GRADUATES COULD be forced to pay market rates of interest on their student loans under proposals drawn up after a Whitehall dispute over the future of university funding.
The Government was accused of presiding over a "mess" last night after it dropped plans to reintroduce maintenance grants of pounds 3,800 a year for all students weeks after floating the proposals at the Labour Party conference in September. Treasury and Downing Street had become worried by the pounds 3bn annual cost.
Ministers are also getting cold feet on a proposal for students to pay a graduate tax on top of the basic rate of income tax for up to 25 years after they leave university, which they fear could be dubbed "a stealth tax on the middle classes".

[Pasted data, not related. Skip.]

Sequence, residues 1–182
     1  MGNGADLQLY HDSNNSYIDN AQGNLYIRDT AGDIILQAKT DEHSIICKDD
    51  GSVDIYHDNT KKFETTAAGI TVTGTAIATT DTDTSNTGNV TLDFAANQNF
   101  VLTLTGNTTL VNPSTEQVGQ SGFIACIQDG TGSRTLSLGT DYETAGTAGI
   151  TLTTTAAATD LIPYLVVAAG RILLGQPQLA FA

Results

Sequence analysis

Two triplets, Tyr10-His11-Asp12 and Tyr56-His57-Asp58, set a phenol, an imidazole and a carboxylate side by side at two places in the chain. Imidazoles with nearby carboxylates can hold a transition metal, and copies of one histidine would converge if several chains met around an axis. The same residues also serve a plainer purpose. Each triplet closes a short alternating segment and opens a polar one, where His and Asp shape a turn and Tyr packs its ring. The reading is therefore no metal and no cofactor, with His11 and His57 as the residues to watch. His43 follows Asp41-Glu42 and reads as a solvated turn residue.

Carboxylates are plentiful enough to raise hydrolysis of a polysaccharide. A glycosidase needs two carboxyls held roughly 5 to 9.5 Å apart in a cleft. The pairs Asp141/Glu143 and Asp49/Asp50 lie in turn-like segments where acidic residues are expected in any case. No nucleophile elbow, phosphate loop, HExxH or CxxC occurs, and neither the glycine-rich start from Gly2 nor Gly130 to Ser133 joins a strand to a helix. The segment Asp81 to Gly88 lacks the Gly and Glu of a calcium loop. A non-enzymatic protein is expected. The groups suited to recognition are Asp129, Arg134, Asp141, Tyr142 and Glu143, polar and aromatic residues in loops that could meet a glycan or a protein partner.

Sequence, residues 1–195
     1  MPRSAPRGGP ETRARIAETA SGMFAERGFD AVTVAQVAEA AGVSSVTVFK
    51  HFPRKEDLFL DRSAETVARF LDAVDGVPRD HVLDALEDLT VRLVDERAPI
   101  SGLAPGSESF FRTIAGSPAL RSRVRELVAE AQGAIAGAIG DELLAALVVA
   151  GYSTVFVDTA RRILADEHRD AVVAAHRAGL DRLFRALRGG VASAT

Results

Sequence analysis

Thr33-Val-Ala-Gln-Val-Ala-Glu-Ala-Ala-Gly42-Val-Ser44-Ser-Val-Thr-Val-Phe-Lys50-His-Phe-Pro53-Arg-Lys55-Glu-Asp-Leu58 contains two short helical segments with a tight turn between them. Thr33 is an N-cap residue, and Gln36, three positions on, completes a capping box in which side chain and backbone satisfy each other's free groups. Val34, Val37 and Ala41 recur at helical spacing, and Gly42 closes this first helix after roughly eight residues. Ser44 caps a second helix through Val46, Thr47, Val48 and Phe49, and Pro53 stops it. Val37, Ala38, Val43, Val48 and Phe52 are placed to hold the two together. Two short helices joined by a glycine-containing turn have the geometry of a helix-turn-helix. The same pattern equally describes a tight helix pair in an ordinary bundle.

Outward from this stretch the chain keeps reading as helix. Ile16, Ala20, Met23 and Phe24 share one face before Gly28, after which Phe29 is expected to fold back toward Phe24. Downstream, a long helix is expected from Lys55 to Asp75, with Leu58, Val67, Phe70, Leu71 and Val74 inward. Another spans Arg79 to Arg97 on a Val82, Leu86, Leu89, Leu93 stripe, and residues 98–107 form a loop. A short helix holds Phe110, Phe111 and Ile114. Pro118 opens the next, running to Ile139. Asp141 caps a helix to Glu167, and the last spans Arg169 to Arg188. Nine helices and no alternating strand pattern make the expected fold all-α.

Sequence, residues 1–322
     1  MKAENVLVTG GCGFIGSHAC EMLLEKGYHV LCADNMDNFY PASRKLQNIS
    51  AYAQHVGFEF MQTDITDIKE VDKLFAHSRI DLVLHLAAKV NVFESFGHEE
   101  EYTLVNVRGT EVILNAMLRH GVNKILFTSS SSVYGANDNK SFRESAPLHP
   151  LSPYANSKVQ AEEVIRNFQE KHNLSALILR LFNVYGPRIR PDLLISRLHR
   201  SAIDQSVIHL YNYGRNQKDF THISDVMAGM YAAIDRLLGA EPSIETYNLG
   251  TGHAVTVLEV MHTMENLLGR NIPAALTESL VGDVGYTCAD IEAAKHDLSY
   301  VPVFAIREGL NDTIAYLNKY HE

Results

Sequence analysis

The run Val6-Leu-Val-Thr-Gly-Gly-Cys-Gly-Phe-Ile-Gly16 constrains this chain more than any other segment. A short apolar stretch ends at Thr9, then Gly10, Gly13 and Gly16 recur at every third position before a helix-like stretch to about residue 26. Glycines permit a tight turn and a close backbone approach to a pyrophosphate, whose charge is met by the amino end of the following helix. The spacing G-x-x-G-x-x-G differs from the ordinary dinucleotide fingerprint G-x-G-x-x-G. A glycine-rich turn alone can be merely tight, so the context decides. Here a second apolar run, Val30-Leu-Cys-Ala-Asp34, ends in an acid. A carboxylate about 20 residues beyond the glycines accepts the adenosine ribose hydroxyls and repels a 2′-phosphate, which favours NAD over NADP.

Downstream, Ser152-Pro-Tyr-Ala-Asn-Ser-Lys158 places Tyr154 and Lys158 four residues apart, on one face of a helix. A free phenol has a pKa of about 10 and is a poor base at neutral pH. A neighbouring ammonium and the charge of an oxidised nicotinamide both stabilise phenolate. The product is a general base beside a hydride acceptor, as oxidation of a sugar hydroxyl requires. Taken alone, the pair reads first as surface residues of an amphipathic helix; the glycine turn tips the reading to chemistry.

A Whitehall source said: " We have gone back to square one. It is a very complicated issue."
The options had been under consideration in a review of student finance, which was due to be completed before the end of the year but will be delayed until 2002. Tony Blair announced the review during the party conference in response to fears that loans and fees dissuaded those from low-income families going to university. The review, by the Department for Education, Downing Street and the Treasury, is looking seriously at charging market rates for student loans to fund the Government's drive to attract students from hard- pressed households to university. …